Why Oldham's semi-lockdown is a high-stakes test for Boris Johnson

Can the government fix the weaknesses in its pandemic messaging?

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Meetings between households have been prohibited in Oldham in the wake of a concerning spike of fresh cases of coronavirus, as speculation mounts that more countries will be added to the list of places where you must self-isolate after visiting. 

Oldham's semi-lockdown will be a high-stakes test of whether the government has been able to fix a weakness in its coronavirus messaging and strategy that became evident when various community newspapers began to struggle financially: the government struggles to communicate its messages to hard-to-reach communities, and, indeed, to casual audiences in general. 

If you read a morning newsletter, you will have picked up what the new measures in Oldham are. If you get your news intermittently from music radio or Facebook, you might well not.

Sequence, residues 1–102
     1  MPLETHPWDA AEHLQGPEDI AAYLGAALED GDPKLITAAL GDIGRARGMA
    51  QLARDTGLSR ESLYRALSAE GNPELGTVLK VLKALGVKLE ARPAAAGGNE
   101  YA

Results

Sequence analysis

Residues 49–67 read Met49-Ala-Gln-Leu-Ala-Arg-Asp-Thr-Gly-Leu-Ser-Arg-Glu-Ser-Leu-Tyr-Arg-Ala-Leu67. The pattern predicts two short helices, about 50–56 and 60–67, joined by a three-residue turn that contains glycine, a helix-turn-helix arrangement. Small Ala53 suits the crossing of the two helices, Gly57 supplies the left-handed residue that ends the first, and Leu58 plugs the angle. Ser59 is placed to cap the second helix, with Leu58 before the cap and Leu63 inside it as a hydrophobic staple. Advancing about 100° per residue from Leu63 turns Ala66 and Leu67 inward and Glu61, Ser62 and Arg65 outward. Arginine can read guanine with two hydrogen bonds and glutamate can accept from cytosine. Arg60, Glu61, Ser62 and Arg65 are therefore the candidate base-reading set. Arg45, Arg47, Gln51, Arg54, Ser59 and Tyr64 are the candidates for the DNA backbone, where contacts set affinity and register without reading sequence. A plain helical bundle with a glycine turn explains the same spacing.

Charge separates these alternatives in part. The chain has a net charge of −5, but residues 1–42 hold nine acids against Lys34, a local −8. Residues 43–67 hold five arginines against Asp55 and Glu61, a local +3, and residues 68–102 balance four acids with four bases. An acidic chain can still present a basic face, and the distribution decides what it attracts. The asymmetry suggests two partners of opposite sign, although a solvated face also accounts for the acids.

That speaks to one of the government's problems: that neither it, nor local authorities, which have borne the heaviest load as far as the cuts of the past decade are concerned, are well-placed to communicate or enforce nuanced local lockdowns. Further, our patchy welfare state, particularly the uneven provision of sick pay, make it unlikely that everyone who ought to follow tougher lockdown rules will be able to do so. 

That reality is why Boris Johnson's fear, reported in today's Mail, that the UK could be header for another major spike in infections in a fortnight's time, could well be right. 

As we are seeing across the world, the virus hasn't gone away and the economic objectives of reopening can't, at present, be reconciled with the public health objectives of containment. Equally importantly, the fear of the virus continues to exert a heavy pressure on discretionary spending across the United Kingdom and, indeed, the world. 

The government is caught in a Catch-22: if it can't communicate the substance of its local lockdowns well, there will be a second spike. But if it can, people well outside the reach of a local lockdown will decide not to risk their health on a trip for an indifferent sandwich or to a chain pub. 

Stephen Bush is political editor of the New Statesman. His daily briefing, Morning Call, provides a quick and essential guide to domestic and global politics.

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